How long will your sauce keep?
Easy Homemade Hot Sauce
I fermented three 10 liter crocks two years ago. My crocks each had different pepper mixes; all had the same garlic and salt brine. I did not add carrots or onion to them, FYI.
I let each crock ferment for three months. After that, I did as you recommend here — reserve the brine, blend the peppers and garlic, adding back brine to achieve the desired consistency. I did not add vinegar or sugar to the end result. I did not keep the blend on the counter for a week or more as some suggest — my hot sauce bottles went directly into the refrigerator after filling. I did keep the remaining brine for use in beans, soups, etc. Two years later, I have one last bottle of hot sauce left, with only a couple ounces left in the bottle.
The hot sauces saved marvelously all this time, without adding vinegar or sugar , before bottling. Of course one should always continue to check for signs of the sauce going south, but from three varying batches, all three were wonderful for that two year storage and daily use in the fridge. Josh, you asked about a vinegar taste. I, too, hate the taste of tabasco! Two years ago, I also made a non-fermented hot sauce blend that included the carrots and onions. This was a sauce I cooked down, then canned, and vinegar was added it was the only reason I did not ferment with carrots and onions.
So you want to make your own hot sauce
I will tell you that the non-fermented hot sauce with added vinegar did not taste like it had vinegar, however, my fermented sauces that did not have vinegar, actually kinda tasted like they did! It was not a tabasco tart; like Sylvia says, it was much deeper, more complex flavors that give a bite similar to vinegar. My point here is, blend your sauce and do not add vinegar or sugar to the end result. If you do not like it, then you can make additions afterward.
You might find that you prefer a lesser fermentation time versus a longer one. Perhaps you should experiment with fermentation time, before adding to the final product? Hi Leesa, thanks so much for sharing this. My hot sauce so far has kept for 5 months in the fridge and is still going strong.
The vinegar is purely for flavor, and also because this is a short fermentation, this version is not as tangy as a longer ferment. The longer the ferment, the tangier. Just an FYI… you can certainly can it, but the heat will kill the microbes. Could I do this with dried peppers and get a viable sauce? I do have a load of dry peppers though!
Hi Zoey, Im not sure dried pepper would ferment? Maybe once they are reconstituted. Let me do some research and get back to you. I might have to try this because I have a lot of dried peppers too! I have fermented dried peppers and they come out okay. I would do fresh if you can, and use dried as a last resort.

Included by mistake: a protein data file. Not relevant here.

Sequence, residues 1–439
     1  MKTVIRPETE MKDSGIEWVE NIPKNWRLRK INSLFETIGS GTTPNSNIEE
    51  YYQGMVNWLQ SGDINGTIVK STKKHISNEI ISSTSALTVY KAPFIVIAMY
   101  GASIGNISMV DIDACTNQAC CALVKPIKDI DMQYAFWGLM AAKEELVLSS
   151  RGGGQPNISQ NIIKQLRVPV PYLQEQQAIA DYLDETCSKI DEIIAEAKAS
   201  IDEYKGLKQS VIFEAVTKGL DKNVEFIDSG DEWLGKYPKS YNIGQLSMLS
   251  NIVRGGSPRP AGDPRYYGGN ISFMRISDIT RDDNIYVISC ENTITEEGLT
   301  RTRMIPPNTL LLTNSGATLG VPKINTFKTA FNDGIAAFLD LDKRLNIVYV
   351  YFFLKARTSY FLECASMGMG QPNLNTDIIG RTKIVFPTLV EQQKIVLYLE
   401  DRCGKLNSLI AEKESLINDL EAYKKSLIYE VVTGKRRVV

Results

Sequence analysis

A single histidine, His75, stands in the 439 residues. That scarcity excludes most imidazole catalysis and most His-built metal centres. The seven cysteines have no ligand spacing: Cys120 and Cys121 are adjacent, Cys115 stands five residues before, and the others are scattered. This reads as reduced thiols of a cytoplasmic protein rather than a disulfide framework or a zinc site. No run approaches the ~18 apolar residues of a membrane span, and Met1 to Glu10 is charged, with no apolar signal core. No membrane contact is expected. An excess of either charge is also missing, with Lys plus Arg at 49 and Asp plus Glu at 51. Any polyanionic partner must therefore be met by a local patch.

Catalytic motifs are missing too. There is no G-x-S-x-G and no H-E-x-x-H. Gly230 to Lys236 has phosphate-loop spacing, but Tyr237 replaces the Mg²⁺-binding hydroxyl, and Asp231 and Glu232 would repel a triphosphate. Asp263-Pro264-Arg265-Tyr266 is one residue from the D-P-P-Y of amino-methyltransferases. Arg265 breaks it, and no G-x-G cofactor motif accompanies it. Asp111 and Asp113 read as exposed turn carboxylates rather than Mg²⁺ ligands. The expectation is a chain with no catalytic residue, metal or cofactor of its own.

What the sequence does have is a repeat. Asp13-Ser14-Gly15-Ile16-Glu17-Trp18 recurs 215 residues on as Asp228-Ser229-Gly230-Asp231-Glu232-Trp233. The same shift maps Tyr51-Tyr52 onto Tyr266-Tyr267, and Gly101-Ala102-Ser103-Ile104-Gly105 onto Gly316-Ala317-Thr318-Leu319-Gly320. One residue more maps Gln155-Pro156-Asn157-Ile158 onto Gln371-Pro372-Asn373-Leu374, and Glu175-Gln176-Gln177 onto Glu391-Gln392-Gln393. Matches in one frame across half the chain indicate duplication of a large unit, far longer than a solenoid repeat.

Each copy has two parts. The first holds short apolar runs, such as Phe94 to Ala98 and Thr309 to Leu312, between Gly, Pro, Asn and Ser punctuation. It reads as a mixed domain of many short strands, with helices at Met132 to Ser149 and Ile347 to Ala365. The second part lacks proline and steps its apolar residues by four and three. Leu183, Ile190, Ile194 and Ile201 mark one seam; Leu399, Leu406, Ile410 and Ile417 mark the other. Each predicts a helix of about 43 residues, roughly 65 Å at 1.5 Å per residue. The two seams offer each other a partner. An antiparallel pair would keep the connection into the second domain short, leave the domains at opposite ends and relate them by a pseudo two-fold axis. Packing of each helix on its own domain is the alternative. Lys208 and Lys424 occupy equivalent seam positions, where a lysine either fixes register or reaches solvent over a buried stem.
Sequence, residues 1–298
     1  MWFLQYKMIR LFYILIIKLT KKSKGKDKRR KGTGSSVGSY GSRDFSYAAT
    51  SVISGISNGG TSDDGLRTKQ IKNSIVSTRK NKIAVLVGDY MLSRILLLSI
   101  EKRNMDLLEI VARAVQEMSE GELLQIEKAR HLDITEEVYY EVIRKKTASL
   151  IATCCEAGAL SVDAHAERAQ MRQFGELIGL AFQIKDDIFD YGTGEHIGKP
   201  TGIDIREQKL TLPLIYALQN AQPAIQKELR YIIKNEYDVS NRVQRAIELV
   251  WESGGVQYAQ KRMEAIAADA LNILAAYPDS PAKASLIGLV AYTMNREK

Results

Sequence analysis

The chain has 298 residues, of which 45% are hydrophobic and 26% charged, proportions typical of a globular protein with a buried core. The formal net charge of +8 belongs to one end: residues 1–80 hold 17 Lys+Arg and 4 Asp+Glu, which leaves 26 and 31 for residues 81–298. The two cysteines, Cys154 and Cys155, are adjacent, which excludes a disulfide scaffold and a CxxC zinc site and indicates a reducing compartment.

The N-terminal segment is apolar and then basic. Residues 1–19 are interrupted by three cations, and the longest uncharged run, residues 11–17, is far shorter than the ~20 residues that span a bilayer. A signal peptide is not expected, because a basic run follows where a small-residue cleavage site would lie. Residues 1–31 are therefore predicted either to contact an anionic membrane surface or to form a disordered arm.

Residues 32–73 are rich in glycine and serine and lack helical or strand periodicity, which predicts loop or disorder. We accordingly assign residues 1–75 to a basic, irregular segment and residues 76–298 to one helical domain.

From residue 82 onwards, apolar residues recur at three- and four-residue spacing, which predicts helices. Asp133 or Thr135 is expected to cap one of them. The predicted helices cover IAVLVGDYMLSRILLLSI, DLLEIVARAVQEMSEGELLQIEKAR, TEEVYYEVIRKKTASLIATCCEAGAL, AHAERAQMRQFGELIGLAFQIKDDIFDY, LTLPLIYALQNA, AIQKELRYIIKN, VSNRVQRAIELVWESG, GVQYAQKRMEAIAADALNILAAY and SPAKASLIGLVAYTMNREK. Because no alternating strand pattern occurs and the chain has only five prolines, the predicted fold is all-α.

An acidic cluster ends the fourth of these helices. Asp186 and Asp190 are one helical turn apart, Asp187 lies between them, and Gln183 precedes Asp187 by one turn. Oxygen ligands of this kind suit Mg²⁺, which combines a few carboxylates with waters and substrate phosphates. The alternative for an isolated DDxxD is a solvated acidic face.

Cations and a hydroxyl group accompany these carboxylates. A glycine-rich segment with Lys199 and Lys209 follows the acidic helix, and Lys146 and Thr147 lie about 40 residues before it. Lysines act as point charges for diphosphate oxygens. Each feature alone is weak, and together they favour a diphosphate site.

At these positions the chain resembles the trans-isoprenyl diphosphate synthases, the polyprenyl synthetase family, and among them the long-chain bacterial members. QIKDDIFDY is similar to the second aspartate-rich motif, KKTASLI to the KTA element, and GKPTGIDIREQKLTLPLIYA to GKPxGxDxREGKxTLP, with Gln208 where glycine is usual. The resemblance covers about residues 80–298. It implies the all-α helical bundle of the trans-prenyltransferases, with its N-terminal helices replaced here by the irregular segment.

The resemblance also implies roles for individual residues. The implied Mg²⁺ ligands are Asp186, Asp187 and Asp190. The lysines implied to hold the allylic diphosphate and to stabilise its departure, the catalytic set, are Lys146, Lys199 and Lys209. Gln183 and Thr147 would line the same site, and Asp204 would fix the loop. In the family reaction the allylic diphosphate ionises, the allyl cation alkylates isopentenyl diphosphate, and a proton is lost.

For canning, you must achieve a pH of less than 4. This can be achieved by adding vinegar, citric acid, or citrus juice orange, lime, lemon, etc.
I like a pH near 4. Sterilize bottles before filling and never re-use a bottle cap. Good luck. My guess is you need the bacteria from fresh peppers to start the fermentation and freezing them kills those bacteria. Followed recipe with frozen habanero varietal. Reason being that they will bring their own microbe communities.
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I had about 10 fat peppers thawed, 2 medium carrots, 1 orange bell pepper and 6 cloves garlic. Smells delicious. Hi, Great recipe. Question: I have been freezing my Carolina Reaper peppers because they are too hot for me to grill and eat with steak. Will previously frozen peppers work for fermenting?
Fermented Hot Sauce – Simple and Delicious!
So someone else just tried this, see comments above. I guess adding the other fresh ingredients will start the ferment. This, however, can lead to me overthinking meals, making them seem more complicated than they are. Must be a complicated process. A recipe, first and foremost. I wanted something simple. Nomzai presented the perfect option. Hot sauces can be changed by more than just pepper choices. Tropical sauces are typically full of pineapple, mango, and even bananas.
And please, for your sake and mine, keep your hands away from your eyes, nose, ears or any other sensitive part of your body until you wash your hands with dish soap. Even if you used gloves. Vinegar is acidic, about 2. Peppers are acidic. As a middling homebrewer , I know the importance of keeping all your vessels clean. At the very least, use some strong dish soap and clean it by hand. This is entirely up to you. Like a more rustic-looking sauce? Want it looser? Add a little more vinegar and water. If you get really ambitious, try replacing part of the vinegar with some other acidic ingredient, such as lime juice or tequila.
Experiment with your dried favorite herbs for additional flavor. Add a quarter teaspoon of dried cumin, oregano, or epazote , for example, to the mixture together with the salt. Rate This Recipe. I don't like this at all. It's not the worst. Sure, this will do. I'm a fan—would recommend. I love it!